The future of the silver half dime looked bright in 1860, when the U. S. Mint debuted a new version of the familiar Seated Liberty design.
The future of the silver half dime looked bright in 1860, when the U. S. Mint debuted a new version of the familiar Seated Liberty design. Nearly two million examples were coined through the combined efforts of the Philadelphia and New Orleans Mints, the latter never coining half dimes again. All of these pieces had the national legend UNITED STATES OF AMERICA placed prominently around the figure of Liberty, the Mint seemingly oblivious to the Act of January 18, 1837 requiring that this legend appear on the coin's reverse.
Another feature that distinguished the new half dimes was an elaborate wreath of American agricultural products. This was substituted for the plain olive wreath of earlier Seated Liberty half dimes. The coin's date and value remained in the same locations, though the mintmark was relocated below the wreath's bow. Formerly, it had been above the bow. When the San Francisco Mint experienced difficulty in striking half dimes with a clear mintmark, this feature was briefly returned to its former location for a single batch of dies used in 1870-72. There was no noticeable improvement, so the 'S' mintmark was returned to its 1860 position below the bow for the remainder of the 1872 coinage. The 1873-S half dimes likewise had their mintmark below the bow, and coinage of this denomination ceased forever after that year.
The original version of the Seated Liberty half dime had been created by Christian Gobrecht, but his models were used only for the coinage of 1837-40. Stars were added by hand to each individual obverse die beginning in 1838, but it was not until a complete remodeling of this type was performed by Robert B. Hughes in mid-1840 that the stars were incorporated into the obverse model. In this form, the half dime was coined through 1859, with arrowheads being added to the coins of 1853-55 to proclaim a weight reduction. The 1859-O half dimes retained Hughes' version of the Seated Liberty figure, while those coined at Philadelphia that year featured a new figure by Anthony C. Paquet, as well as hollow-center stars unique to this date.
An assistant engraver at the U. S. Mint from 1857 to 1864, Paquet was largely unsuccessful in getting his designs approved for circulating coinage. In the case of the half dime, his somewhat stiff figure of Liberty was dropped after its single usage in 1859. When the national legend was transferred to the obverse in 1860, the Hughes' rendition of Liberty returned. Paquet, however, was successful in securing his artwork for the coin's reverse. The elaborate wreath of cotton, corn, wheat and tobacco, though attributed to James B. Longacre by Cornelius Vermeule and other researchers, is almost certainly the work of Paquet. This attribution is reinforced by the style of lettering used on the half dimes of 1860-73. Tall and narrow, this font was a hallmark of Paquet's work, and it appears on both the obverse and reverse of the “Legend Obverse” half dimes.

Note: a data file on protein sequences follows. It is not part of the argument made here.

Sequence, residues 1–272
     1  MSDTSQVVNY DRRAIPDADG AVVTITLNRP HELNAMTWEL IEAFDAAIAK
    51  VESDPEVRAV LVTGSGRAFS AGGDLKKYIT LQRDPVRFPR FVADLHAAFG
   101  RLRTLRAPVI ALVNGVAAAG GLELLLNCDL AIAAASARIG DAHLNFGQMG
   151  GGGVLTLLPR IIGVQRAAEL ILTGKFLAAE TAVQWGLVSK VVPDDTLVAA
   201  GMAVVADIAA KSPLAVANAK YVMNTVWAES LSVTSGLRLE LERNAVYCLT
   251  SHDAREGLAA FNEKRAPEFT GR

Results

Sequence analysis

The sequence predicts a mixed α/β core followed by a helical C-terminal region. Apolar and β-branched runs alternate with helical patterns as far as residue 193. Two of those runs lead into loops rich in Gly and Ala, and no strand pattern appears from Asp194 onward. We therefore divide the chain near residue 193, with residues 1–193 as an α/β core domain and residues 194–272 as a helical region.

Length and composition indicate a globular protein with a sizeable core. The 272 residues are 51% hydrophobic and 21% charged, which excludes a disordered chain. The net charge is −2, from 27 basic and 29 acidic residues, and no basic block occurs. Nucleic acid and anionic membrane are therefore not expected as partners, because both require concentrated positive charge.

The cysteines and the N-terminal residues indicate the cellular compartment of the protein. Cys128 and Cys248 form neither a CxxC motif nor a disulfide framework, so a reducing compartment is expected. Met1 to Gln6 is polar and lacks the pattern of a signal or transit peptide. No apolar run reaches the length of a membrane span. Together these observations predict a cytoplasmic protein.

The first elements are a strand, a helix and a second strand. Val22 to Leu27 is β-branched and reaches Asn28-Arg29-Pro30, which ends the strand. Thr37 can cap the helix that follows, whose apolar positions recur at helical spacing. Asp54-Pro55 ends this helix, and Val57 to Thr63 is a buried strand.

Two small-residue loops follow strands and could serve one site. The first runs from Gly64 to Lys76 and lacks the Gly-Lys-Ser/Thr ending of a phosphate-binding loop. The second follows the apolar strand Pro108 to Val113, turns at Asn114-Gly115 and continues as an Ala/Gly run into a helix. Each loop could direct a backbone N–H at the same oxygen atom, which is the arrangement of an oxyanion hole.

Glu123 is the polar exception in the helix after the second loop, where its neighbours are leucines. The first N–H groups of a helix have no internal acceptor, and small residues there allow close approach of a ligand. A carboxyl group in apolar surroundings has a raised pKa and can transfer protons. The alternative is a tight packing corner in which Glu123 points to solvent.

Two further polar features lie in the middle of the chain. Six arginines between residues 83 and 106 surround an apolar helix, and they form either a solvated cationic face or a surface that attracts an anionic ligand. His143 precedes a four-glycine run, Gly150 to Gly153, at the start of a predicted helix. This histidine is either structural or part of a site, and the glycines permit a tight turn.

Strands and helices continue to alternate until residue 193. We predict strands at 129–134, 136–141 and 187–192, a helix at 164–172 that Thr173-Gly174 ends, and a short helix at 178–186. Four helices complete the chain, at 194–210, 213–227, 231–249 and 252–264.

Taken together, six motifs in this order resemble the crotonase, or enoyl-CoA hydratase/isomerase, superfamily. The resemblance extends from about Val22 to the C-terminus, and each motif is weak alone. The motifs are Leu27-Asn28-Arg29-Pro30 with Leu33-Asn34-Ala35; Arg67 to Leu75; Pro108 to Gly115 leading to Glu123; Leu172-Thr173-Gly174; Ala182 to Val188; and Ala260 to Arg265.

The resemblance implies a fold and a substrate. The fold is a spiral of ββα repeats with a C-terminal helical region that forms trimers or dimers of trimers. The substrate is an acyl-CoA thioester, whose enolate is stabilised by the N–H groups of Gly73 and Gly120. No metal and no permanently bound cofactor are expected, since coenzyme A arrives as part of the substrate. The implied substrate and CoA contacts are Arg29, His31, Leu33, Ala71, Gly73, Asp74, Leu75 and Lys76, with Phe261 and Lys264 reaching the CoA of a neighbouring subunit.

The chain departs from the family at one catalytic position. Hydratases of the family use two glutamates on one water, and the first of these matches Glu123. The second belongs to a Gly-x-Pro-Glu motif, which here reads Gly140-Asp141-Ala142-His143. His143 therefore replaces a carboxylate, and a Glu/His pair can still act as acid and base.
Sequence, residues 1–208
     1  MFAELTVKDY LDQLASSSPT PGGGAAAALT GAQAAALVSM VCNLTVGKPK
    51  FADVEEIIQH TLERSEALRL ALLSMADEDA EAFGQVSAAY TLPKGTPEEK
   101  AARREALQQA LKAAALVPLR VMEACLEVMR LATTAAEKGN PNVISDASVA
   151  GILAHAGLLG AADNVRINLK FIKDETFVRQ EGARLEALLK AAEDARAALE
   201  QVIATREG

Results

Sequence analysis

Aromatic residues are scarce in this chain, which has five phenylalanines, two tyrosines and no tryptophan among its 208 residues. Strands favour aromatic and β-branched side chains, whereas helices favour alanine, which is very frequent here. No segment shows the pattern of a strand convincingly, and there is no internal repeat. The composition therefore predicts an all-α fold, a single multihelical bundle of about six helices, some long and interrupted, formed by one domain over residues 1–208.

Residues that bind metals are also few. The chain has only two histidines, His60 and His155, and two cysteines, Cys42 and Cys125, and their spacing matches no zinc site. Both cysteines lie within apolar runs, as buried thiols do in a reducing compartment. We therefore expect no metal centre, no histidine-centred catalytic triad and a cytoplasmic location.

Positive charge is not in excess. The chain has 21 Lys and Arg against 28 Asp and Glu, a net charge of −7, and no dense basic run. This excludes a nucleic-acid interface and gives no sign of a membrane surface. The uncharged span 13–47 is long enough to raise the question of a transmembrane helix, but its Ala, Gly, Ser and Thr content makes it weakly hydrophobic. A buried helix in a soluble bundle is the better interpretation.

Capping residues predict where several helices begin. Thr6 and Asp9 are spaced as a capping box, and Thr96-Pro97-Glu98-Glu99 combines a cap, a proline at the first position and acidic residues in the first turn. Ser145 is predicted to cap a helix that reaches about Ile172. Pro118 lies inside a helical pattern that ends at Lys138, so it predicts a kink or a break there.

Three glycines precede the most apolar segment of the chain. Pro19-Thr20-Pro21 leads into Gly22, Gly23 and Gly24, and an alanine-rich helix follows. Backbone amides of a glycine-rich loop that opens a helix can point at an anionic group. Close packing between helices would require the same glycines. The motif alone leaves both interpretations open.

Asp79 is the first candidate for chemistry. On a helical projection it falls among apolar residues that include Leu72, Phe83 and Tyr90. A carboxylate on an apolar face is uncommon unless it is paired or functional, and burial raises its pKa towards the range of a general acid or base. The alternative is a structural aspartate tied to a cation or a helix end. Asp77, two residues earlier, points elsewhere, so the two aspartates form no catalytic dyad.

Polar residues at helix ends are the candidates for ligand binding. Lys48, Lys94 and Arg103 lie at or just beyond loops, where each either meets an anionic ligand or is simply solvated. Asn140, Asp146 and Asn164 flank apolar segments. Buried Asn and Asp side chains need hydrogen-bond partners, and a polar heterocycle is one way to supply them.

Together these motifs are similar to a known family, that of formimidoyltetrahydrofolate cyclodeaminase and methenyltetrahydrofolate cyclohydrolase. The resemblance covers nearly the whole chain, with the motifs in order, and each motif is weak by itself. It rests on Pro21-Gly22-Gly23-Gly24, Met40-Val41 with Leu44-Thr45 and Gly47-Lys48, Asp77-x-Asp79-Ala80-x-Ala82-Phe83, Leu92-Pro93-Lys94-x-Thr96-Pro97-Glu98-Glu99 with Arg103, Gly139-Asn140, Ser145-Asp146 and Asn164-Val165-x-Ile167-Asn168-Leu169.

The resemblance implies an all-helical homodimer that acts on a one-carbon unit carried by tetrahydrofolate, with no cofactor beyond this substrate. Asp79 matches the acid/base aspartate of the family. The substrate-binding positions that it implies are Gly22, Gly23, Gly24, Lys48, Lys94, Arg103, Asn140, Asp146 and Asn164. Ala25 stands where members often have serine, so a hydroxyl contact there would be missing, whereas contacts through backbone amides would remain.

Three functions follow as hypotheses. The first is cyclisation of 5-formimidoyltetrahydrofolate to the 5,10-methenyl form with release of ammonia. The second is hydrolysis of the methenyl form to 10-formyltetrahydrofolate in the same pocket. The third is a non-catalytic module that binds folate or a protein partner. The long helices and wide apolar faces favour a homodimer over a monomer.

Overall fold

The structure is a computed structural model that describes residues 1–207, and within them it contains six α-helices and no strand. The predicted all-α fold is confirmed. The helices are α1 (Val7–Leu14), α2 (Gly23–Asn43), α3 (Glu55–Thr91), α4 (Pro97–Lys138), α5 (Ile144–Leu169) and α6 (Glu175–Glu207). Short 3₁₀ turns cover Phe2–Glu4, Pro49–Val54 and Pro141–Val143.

No sooner had coinage of this final half dime design commenced than the nation's economy was turned upside down. The onset of America's Civil War in April of 1861 soon led to the introduction of paper currency by both sides as a means of financing the war. While the first issue of United States currency was redeemable in coin, most of the notes that followed were not, and banks soon suspended all payments of specie (gold and silver coins). That caused widespread hoarding and/or exporting of coins, the little half dime included.
From the late spring of 1862 onward, no gold or silver coins were circulating in most of the nation. Americans had to made do with fractional paper currency and an assortment of tokens. Only in the Far West did a coin economy survive, but here the humble half dime was a pariah. In the inflated economy of the West, the lowest value coin in circulation was the dime. Mark Twain provided an amusing account of his attempt in the mid-1860s to spend a half dime in California, with the recipient gazing upon it with a blend of amazement and contempt.
Given this situation, it's surprising to discover that the greater part of half dime coinage in the years 1862-69 was effected at the San Francisco Mint. What purpose did these shunned coins serve? Well, it seems that their greatest utility there was as items of jewelry. A popular fad of the time was to drill holes into half dimes for suspension as charms. Countless thousands suffered this fate, while relatively few circulated domestically. Many others were exported to Canada and Latin America, where their usefulness as money was better appreciated.
The half dime denomination was terminated by the Act of February 12, 1873, by which time its place had been taken quite successfully by the copper-nickel five-cent piece. Half dimes were withdrawn from circulation by the Treasury and melted for decades afterward, leaving only a portion of the original mintage in the hands of collectors.
And what became of the thousands of half dimes holed for suspension? After the fad for such pieces had come and gone, these mutilated coins, ineligible for redemption, were shipped to the West Indies in vast numbers. There they circulated for years afterward at the value of 2-1/2 cents, according to a 1900 account in the Havana Post.
David W. Lange's column "USA Coin Album" appears monthly in Numismatist, the official publication of the American Numismatic Association.